Posted by Preloved
If you are considering advertising an animal on Preloved, you want the reassurance of knowing that anyone who gets in touch to offer it a new home will give it all the love, care and attention that it needs throughout its lifetime.
As an advertiser you need to make sure that any potential buyer, along with their lifestyle, will be well-suited to their new pet.
Invite any potential buyers to your home so that they can see the animal with its mother. This will also give you the chance to meet them face-to-face and allow you to get a clearer picture of what they are like and how they interact with animals.
If possible, it is a good idea to ask a potential buyer if you can visit their home to make sure it will be suitable for the animal. Once it has the necessary vaccinations, perhaps you could consider taking the animal along to meet any other pets the new owner may have. However, if you cannot travel to their home, make sure you have assurances that it will be suitable for their new pet. Ask them what kind of property they live in, whether or not it has a garden, do they have other animals. You need to feel confident and happy that the animal is going to the home you would want it to have.
If you are thinking about advertising any pets and animals on Preloved, we would advise against advertising them as free to a good home. To find out more about the potential pitfalls of giving an animal away, please click here.
Ensure that the animal has the required vaccinations and health checks in place, along with any records to support this. A newborn puppy will need to be wormed after its first fortnight, and worming should be repeated every two weeks. At six to nine weeks it will need its first vaccination. Similarly, keep a diet sheet for a buyer to take with them that shows the food that you have been feeding the animal.
Remember, most animals need to remain with their mothers until they are able to feed themselves. For example, a puppy will generally be old enough to leave its mother at eight weeks, so keeping a puppy chart with the birth date will ensure that you are fully up to date with when your puppy is ready to be re-homed.
Young animals are naturally inquisitive about their surroundings, so when you are taking time to interact and socialise with them make sure you encourage the new owner to do the same and tell them about the experiences the animal has had so far.
If a would-be buyer has never owned an animal before, you should make sure that they are fully aware of the costs involved in pet ownership. For example, the regular cost of feeding a dog, worming, flea treatment and insurance, coupled with the occasional veterinary bills can soon add up.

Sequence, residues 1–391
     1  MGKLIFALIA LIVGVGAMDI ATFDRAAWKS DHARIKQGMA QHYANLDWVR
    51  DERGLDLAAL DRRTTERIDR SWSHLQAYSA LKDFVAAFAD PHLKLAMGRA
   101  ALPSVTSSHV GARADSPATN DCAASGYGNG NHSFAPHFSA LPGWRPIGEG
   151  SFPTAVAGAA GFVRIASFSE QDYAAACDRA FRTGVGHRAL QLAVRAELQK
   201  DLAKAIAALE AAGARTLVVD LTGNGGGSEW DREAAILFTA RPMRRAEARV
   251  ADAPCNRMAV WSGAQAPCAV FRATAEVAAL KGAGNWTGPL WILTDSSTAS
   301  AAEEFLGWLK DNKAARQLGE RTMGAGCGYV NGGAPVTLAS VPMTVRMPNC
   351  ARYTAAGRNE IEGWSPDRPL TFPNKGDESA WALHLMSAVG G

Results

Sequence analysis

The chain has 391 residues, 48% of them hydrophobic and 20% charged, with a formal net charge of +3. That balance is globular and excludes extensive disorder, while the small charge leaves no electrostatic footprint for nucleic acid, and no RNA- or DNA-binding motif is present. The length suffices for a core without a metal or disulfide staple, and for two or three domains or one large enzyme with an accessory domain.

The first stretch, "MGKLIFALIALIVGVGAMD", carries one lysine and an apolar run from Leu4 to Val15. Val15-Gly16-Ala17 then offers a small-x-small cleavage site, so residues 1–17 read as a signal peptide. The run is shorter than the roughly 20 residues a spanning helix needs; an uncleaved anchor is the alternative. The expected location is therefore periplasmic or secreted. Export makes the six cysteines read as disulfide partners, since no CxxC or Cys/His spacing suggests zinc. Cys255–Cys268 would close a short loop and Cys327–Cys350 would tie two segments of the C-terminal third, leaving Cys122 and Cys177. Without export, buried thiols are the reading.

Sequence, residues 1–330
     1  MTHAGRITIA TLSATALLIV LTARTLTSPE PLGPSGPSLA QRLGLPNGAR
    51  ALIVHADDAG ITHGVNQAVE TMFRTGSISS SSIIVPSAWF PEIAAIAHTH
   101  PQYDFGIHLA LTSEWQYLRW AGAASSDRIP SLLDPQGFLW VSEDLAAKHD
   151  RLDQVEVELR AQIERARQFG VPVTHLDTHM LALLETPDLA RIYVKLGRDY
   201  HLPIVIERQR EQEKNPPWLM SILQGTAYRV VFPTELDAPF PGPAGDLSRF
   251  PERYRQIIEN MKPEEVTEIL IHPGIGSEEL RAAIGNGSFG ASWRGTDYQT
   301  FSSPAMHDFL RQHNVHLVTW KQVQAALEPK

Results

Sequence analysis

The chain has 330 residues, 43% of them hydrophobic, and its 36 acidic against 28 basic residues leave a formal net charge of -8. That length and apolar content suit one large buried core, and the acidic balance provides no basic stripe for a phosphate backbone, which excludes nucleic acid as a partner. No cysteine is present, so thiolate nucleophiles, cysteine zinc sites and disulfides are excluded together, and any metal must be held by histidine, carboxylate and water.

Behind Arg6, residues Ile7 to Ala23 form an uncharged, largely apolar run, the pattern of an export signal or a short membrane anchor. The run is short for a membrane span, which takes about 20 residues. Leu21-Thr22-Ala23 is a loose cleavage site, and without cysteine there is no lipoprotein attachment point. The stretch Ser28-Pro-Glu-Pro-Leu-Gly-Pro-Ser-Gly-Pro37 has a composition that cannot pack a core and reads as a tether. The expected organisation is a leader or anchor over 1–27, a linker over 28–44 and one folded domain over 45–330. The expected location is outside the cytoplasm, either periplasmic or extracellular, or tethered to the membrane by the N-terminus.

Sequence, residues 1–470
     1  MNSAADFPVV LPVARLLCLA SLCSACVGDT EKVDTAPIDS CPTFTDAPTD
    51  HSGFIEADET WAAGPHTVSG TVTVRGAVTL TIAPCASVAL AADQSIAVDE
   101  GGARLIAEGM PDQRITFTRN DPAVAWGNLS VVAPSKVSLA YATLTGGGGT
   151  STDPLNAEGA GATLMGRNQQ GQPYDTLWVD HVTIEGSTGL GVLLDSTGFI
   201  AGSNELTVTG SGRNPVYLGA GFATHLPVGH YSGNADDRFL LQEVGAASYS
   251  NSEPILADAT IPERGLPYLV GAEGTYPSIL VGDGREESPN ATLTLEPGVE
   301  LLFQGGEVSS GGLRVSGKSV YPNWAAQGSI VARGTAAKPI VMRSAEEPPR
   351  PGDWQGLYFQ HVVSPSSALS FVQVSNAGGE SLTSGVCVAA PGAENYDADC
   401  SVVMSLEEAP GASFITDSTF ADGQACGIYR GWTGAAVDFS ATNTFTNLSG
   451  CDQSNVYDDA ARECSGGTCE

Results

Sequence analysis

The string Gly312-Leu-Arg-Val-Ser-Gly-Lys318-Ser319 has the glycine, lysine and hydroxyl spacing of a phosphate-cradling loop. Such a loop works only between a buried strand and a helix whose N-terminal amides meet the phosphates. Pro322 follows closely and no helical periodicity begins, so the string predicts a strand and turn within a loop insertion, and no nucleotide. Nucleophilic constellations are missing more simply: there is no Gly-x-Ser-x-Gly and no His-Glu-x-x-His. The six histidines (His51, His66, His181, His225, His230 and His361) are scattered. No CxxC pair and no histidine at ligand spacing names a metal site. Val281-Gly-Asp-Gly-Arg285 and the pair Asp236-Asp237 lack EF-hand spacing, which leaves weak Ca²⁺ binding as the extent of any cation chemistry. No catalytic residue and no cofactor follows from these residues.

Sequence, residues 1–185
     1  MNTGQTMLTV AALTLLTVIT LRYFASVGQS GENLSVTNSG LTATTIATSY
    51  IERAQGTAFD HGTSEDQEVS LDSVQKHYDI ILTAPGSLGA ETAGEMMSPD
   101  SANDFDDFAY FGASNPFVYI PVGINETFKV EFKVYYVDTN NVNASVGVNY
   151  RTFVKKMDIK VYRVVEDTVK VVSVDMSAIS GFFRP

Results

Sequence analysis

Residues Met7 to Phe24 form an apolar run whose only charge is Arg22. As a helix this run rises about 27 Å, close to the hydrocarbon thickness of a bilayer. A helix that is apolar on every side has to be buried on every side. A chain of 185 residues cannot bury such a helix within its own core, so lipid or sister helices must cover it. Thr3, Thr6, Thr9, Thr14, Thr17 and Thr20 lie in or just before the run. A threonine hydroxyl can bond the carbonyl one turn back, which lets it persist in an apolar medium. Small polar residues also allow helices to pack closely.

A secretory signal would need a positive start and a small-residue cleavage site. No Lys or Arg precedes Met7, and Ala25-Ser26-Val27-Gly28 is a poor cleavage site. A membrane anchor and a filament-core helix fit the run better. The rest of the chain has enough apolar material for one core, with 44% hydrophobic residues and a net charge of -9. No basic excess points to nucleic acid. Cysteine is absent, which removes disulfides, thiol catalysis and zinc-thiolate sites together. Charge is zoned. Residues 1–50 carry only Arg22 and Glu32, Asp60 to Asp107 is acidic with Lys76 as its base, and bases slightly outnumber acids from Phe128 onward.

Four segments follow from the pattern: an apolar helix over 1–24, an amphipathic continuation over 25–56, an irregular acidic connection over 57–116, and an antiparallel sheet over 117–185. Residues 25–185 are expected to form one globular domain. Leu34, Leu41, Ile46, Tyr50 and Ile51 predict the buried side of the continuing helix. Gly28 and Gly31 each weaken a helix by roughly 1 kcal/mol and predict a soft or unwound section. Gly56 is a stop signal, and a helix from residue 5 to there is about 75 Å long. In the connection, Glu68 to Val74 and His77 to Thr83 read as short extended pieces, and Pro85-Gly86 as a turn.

Any animal demands a commitment in terms of time. Whether that is taking a dog for a walk to give it the necessary exercise, cleaning out a rabbit’s pen or playing with a kitten, so ask any would-be owner about their work/life balance so that you are confident they have time in their lives to give an animal the care and attention it will need. You could also ask about any support structure they have in place during times when they are absent. According to the RSPCA one-fifth of people who bought a puppy during the last two years no longer have their dog.
It’s worthwhile talking to a new pet owner about the possibility of getting their animal neutered, which is a commonplace procedure that prevents unwanted births in the future and can also have positive health and behavioural impacts.
Make sure your advertisement includes as much detailed information as possible about the animal, along with any distinct requirements it needs from a new home, its temperament, details about its parents, its breed, sex, medical history and whether it would be suited to a home with children, etc. It is also a good idea to upload a good selection of up-to-date images that clearly show any buyer what the animal looks like.
As a seller you might consider the option of preparing a written agreement for the new owner to sign. This could include such assurances that the new owner will continue to provide adequate food, water, shelter, kind treatment and veterinary care for the animal and that it will be housed indoors as a member of the family or companion. You might also add a statement from the new owner that, should they no longer be able to keep the animal and provide the above care and attention you, as the prior owner will have first refusal to reclaim the animal at no charge.
If you would like further advice on the wording of an agreement, you should consider approaching such registration authorities as The Kennel Club or the Governing Council of the Cat Fancy who can provide sample contracts to members.